September 16, 2019 · 10 min read •
The author is a Graduation Student
The story is an original work (unedited)
Our dreams take us to different places moving through different paths. To reach out to our dreams, we need to run a rat race.
The boy was no exception, someone who wanted a taste of the fruit of success to get his dreams fulfilled. He came from a small town, an insignificant place on the world map of his high school “ATLAS” represented merely by a dot for the world to see. With his family’s support, he started a journey, a journey he believed would mould his life, leaving his emotions and everything behind, to convert his dreams into reality, a dream he grew up with, for which he gave up so much.
He went to a place where the day started with the blazing sun, a place full of sculptures known for its rich heritage, famous for its marble and stone industry and queer eyes of the racers all in the same race. He knew, he too had to blend in the crowd and tried to become one of the thousands but, he understood that he could not allow himself to be an eternal part of their mundane world. And knowing this, he started his “journey” every day, waking up before the sun had peeked above the horizon, having his meal, then sitting on his table to study. Then as it was mid-afternoon, he got ready to be a part of the class after lunch.
While pedalling his way to the class, he kept his head straight down to avoid the distractions of the world which comes as a trophy with the age of adolescence. Bustling traffic with screaming horns, the racers losing their focus and chattering and the heat of mid-summer Rajasthan sun in the sky as a pale red cherry made him sweat even more.
Marking himself present for the class with the help of a self-service attendance machine, he made his way through crowded stairs to finally reach his class which started with a small prayer of “ITNI SHAKTI HUME DE NA DATA. . . .”. Four consecutive classes, with a few minutes break between each. His recess passed getting his doubts cleared which he had learned or the lecture just delivered, rushing to the teacher as soon as the classes got over. A pale brown hot samosa, the yummy patties, the chiura pulao, a cup of hot tea called on to his empty stomach as a fawn calls on a hungry lion. A couple of hours after dusk, the classes got over and the boy headed to his hostel, fed his hungry lion’s stomach and after a talk with his loved ones headed to his bed.
Each day passed in a similar manner, except the Sundays. The classes were either off or there was a test every fourth week. Sunday became the day of city-exploration which had to its fame “The Seven Wonders”, “The City Mall”, Chambal river, and the boy’s favourite “Kota Barrage”. On others, he passed his day in the balcony staring at the people down the road. Eventually he realised that Sundays are surely not for him but still found himself waiting for a Sunday from each Monday morning.
Festivals came and went by unnoticed. But Diwali acted as the intermission in his life giving him joy which may have been short-lived but it was something he treasured. Many things changed, seasons came and went by all he got was loneliness moving up the path having a goal in his mind and emotions in his heart buried deep in a corner near the SA Node which got into motion with every single heartbeat.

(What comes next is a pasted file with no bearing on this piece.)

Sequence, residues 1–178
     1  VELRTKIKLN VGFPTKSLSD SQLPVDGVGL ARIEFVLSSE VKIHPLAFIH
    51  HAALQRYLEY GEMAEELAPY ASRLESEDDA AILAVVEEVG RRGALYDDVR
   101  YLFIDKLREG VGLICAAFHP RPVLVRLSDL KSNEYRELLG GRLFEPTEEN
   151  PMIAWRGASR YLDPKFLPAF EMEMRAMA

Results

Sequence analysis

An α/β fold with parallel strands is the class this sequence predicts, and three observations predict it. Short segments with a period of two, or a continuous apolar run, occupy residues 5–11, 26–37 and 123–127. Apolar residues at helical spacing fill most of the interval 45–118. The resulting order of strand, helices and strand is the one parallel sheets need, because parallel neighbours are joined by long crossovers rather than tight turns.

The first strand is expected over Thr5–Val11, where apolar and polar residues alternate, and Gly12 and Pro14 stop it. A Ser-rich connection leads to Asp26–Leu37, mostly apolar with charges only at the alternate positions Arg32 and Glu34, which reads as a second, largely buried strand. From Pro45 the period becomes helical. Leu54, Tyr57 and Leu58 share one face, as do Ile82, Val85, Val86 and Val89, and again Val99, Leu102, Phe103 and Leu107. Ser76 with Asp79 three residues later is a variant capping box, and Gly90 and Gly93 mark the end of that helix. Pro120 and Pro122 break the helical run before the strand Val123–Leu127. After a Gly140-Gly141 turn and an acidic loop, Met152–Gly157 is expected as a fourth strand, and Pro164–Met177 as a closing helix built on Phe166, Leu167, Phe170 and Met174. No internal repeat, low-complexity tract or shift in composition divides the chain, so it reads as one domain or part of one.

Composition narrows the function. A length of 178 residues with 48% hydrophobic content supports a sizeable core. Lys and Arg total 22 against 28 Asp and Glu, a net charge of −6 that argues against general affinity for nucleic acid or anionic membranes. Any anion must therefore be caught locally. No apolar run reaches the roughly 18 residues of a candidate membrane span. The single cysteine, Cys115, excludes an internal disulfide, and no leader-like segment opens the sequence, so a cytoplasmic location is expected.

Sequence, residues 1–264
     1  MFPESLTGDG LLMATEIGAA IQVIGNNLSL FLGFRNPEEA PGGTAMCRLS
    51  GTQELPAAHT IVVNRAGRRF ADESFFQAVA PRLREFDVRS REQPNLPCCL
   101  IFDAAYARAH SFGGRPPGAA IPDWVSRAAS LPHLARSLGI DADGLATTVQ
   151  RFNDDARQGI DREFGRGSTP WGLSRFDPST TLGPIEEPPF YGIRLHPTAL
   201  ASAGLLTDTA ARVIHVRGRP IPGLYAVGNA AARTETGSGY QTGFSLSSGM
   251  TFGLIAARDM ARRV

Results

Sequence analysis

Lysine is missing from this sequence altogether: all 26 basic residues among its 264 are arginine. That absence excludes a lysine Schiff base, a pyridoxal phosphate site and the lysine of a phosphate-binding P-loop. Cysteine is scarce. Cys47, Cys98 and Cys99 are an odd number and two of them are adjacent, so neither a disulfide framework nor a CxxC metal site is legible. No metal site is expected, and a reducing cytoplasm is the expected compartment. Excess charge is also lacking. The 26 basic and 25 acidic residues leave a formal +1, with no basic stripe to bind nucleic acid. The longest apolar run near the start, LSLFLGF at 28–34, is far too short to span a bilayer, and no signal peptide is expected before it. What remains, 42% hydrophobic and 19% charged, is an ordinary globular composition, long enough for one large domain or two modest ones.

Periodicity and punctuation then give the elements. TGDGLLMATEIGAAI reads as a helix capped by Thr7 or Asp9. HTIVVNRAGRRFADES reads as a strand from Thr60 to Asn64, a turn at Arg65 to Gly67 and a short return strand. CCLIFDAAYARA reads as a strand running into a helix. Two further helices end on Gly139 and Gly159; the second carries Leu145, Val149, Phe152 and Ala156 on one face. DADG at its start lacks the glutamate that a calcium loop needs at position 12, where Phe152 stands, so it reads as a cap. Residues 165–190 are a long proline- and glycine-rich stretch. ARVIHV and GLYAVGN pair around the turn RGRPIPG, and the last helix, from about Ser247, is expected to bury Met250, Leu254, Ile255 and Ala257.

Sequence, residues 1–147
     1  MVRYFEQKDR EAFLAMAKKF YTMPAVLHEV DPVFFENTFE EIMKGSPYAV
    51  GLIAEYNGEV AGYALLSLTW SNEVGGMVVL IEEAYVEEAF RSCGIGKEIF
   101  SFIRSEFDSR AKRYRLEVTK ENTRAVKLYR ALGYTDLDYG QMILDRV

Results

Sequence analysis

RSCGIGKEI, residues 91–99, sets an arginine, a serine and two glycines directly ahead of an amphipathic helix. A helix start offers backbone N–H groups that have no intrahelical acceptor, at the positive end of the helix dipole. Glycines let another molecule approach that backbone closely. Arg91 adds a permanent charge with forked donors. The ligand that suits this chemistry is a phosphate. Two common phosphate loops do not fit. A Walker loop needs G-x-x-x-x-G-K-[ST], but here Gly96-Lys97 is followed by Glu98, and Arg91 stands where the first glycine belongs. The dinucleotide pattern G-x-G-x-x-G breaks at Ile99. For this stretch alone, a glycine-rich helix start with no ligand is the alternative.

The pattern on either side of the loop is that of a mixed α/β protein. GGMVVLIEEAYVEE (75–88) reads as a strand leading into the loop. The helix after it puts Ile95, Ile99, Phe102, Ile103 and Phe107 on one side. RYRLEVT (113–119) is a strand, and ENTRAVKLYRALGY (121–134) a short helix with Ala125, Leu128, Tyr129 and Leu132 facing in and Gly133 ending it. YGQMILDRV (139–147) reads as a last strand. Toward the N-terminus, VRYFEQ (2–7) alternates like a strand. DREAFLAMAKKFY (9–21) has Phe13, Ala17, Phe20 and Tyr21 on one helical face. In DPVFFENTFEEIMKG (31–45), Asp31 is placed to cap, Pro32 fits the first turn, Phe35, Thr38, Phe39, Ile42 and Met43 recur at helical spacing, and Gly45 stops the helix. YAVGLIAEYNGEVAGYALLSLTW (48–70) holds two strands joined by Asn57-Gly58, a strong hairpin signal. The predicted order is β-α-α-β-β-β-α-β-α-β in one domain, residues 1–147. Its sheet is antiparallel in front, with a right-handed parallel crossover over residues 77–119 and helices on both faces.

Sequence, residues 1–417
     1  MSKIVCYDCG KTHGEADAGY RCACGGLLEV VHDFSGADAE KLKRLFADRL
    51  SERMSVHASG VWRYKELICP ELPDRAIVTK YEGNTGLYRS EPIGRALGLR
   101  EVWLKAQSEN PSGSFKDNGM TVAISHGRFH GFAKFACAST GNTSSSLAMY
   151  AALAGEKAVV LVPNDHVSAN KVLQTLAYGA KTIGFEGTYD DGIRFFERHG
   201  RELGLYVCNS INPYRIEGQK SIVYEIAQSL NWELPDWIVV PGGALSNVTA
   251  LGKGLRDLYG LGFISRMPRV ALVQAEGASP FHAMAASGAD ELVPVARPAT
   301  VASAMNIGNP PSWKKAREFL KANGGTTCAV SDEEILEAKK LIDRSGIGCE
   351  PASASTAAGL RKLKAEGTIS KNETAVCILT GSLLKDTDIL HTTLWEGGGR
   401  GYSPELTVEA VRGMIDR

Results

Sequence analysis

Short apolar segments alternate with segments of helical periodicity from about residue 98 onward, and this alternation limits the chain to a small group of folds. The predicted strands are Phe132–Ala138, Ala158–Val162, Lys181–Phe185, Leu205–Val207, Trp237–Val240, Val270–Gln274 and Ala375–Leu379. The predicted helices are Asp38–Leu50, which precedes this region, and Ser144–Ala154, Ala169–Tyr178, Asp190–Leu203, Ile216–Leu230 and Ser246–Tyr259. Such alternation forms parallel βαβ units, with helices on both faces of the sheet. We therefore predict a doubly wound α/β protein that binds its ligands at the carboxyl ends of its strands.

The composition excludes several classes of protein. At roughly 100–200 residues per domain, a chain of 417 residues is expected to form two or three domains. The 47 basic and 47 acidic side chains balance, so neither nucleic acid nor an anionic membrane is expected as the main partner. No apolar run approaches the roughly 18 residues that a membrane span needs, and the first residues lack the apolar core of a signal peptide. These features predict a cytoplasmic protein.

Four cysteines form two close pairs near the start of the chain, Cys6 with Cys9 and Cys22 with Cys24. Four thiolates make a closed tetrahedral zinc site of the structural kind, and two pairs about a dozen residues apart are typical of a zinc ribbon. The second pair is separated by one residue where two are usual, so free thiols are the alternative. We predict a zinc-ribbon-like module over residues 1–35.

Months passed, the same, the pressure reaching its peak with exams barely a month away and the only thing that made him stay amongst the thousands, to fight and strive for success, to become someone notable among those thousands by scoring good marks were his sister’s words, “Do your day to day work, homework and revisions at their time and do not think about the results”, or a statement by his soul brother, “Give your cent percent, what may the results be”, which helped him to survive.
Everyone passes through a phase with uncertainties. The boy had his share of the pie too. The place taught not only worldly knowledge printed in texts, on papers, but also introduced him to the reality of the world. Introduced him not only to the pasta, the cholla bhatura, paneer rice and other delicacies he got in the hostel mess which were like ‘heaven on earth’ for a foodie like him, but also with the emotions embedded deep inside the cavern of his heart. The only thing that prevented him from diving deep into those emotions was going to that six hours class, studying in manner which was also an entertainment and for him was like watching a Bollywood blockbuster.
Finally, the day came, to return, back to his native land, where he grew up, his home, to his family with the examination at his doorstep. It was time, time for him to leave this place, this land where last one year he had spent, had made it a place nothing near to be called a home but which still was a place he had survived and would like to return to. Many students stayed there, to return after their exam. He packed his belongings and began another journey, this time back to the railway station to the train to take him back, with tears in his eyes, memories of each place he had visited flashing in front of him, of the people, of the air and of the smell of the place, of the attachment he had grown to this place and many more made him nostalgic to the place. He wanted to thank his teachers, his hostel warden, friends, the people he had met and to the place which had taught him a lot about this life and had helped him stick to the very end.
The train left the platform but, the memories stayed with him and the place this place remained etched in his heart and mind forever. The place never left him and neither did he.
image courtesy: Pixabay